The UN chief began talks in Doha on Monday with representatives of major powers on how to approach the de facto government in Kabul and how it could be persuaded to change its stance on women’s rights.

The Taliban’s de facto government is the big absentee at the meeting to which UN Secretary-General Antonio Guterres has invited 25 countries and organizations, including the special envoys of the US, China and Russia, as well as major donor countries. The talks are expected to conclude today.

The Taliban were not invited and the recognition of their status in Afghanistan “is not on the agenda” of the session’s work, clarified Stéphane Dujarric, the UN Secretary-General’s spokesman, announcing the start of the closed-door talks.

The aim is to “reach a consensus in the international community on how we should negotiate with the Taliban” on issues ranging from women’s and girls’ rights to the fight against terrorism and even drug trafficking, he explained.

“Any form of recognition of the Taliban is completely out of the question,” State Department spokesman Vedant Patel said last week.

Ahead of the diplomatic appointment, a few dozen Afghan women demonstrated in Kabul on Saturday to express their opposition to any international recognition of the Taliban’s de facto government.

In a letter to envoys on Sunday, an alliance of women’s organizations expressed their “outrage” that any country would consider establishing formal relations with Afghan authorities, given the flagrant violations of women’s rights.

Women’s rights in Afghanistan are an “internal social issue”, the deputy spokesman for the Taliban regime, Bilal Karimi, argued on Monday.

The dilemma

While the Taliban government “would like a positive dialogue” with the international community, he added, “internal issues” such as women’s rights should not preoccupy those talks. “Such issues should not be used as political tools,” he insisted.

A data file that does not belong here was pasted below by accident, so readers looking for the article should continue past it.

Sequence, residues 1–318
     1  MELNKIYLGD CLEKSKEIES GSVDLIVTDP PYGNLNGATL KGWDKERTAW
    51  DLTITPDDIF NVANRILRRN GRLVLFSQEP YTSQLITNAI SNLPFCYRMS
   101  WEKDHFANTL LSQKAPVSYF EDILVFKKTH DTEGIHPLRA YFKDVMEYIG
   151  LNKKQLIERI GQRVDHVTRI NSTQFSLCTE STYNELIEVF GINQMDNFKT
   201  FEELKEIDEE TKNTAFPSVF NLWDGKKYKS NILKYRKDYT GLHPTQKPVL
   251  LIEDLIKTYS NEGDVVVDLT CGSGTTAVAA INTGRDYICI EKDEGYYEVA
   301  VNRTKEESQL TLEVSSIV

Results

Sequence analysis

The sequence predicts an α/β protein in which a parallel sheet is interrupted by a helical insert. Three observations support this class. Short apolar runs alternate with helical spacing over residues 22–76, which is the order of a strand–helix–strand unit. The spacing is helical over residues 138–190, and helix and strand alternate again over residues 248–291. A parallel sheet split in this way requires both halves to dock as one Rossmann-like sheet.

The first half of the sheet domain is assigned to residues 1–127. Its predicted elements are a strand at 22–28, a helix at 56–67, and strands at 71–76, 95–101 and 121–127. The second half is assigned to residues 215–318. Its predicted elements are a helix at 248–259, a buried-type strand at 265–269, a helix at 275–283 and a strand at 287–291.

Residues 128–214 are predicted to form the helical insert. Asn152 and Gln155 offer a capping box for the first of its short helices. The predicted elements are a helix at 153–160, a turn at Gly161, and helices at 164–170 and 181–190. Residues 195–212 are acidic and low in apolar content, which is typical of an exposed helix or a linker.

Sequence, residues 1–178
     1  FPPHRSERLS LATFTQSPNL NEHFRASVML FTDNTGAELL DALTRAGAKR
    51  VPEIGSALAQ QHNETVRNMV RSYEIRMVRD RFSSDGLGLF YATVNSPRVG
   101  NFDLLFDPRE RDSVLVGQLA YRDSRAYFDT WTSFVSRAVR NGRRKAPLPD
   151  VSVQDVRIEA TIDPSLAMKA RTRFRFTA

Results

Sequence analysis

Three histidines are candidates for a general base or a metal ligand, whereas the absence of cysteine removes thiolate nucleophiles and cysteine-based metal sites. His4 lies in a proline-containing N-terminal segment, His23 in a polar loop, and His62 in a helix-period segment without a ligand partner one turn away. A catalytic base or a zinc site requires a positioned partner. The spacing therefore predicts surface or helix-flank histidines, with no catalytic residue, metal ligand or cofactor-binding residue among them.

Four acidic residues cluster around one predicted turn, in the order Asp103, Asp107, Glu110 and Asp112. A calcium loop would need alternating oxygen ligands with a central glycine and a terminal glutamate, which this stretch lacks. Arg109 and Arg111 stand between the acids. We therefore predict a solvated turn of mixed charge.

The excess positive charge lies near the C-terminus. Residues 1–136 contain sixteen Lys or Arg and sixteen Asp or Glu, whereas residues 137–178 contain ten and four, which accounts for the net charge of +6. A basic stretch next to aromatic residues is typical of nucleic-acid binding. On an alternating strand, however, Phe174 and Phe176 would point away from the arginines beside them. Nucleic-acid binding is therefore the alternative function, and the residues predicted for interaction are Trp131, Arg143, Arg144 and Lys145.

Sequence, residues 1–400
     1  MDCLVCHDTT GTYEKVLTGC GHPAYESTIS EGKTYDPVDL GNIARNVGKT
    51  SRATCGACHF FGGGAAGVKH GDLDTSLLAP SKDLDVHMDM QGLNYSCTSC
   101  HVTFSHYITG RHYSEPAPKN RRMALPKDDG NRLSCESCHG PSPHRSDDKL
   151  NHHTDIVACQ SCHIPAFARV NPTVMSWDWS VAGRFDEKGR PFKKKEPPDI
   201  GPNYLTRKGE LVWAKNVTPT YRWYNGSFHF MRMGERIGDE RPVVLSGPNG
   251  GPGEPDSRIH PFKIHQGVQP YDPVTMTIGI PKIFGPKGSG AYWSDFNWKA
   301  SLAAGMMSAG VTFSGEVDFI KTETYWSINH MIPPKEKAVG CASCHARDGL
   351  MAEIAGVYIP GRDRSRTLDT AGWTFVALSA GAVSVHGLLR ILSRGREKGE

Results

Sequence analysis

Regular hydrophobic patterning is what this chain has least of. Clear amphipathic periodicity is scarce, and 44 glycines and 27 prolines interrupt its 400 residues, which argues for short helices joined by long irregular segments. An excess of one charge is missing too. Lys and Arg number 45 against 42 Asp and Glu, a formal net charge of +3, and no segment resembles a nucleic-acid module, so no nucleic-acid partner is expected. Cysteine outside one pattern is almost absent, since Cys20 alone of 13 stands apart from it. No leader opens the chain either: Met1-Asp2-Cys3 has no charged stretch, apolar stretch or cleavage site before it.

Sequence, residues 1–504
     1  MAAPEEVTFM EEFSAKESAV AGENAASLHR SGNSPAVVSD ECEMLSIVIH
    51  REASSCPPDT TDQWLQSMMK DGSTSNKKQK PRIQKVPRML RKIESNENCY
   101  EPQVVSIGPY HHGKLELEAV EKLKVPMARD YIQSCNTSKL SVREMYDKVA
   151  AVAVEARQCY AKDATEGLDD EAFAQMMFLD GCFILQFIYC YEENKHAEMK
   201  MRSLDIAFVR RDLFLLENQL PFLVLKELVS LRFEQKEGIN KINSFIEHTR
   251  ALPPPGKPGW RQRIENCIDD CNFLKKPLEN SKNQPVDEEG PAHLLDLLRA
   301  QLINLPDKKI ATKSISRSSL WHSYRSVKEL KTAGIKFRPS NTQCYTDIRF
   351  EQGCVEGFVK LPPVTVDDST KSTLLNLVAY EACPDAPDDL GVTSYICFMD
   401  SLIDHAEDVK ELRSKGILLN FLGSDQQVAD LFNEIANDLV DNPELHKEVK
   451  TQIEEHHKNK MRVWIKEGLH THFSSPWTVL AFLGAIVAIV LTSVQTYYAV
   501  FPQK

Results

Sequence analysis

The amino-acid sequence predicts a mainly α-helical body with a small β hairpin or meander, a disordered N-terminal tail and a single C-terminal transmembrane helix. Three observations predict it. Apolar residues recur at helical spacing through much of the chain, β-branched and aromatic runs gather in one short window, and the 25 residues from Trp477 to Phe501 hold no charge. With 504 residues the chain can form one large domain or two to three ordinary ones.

Two decades after toppling their regime, the Taliban retook power in Afghanistan in the summer of 2021 when the government backed by the international community collapsed. The fundamentalist Sunni Taliban authorities have since applied a harsh version of Islamic law, labeled “gender apartheid” by the UN.

Women were excluded from most educational structures, secondary schools and universities. They are not allowed to work in most public administration positions, in UN agencies, or in non-governmental organizations.

The 15 member states of the Security Council unanimously approved a resolution on Thursday condemning restrictions placed on women in Afghanistan and calling on all countries to work to “urgently” end those policies.

After the vote, the Taliban’s foreign ministry ruled that “diversity should be respected and not politicized.”

According to diplomats and observers, the meeting in Doha makes clear the dilemma for the international community in the Asian country, where the UN is called upon to help deal with one of the most serious crises on the planet.

According to the Deputy Secretary General of the UN, Amina Mohammed, it is “clear” that the Taliban authorities are hungry for international recognition. A hypothetical normalization of their relations with the UN would notably allow them to recover billions of dollars frozen abroad after they regained power.

According to diplomats, Mr Guterres is expected to address in Doha the review of UN humanitarian operations in Afghanistan, which began in April after Afghan women were banned from working for the agency.

The UN, which considers women absolutely essential to its work in Afghanistan, says it is being called upon to make the “horrible” choice of whether or not to continue operations in the country of 38 million people.